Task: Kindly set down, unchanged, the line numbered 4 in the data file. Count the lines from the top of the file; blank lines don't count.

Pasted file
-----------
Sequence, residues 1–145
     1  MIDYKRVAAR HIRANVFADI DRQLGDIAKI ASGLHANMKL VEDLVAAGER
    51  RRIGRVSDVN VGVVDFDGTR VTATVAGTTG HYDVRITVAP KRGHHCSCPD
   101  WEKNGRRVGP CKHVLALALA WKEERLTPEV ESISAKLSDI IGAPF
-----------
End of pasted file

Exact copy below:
   101  WEKNGRRVGP CKHVLALALA WKEERLTPEV ESISAKLSDI IGAPF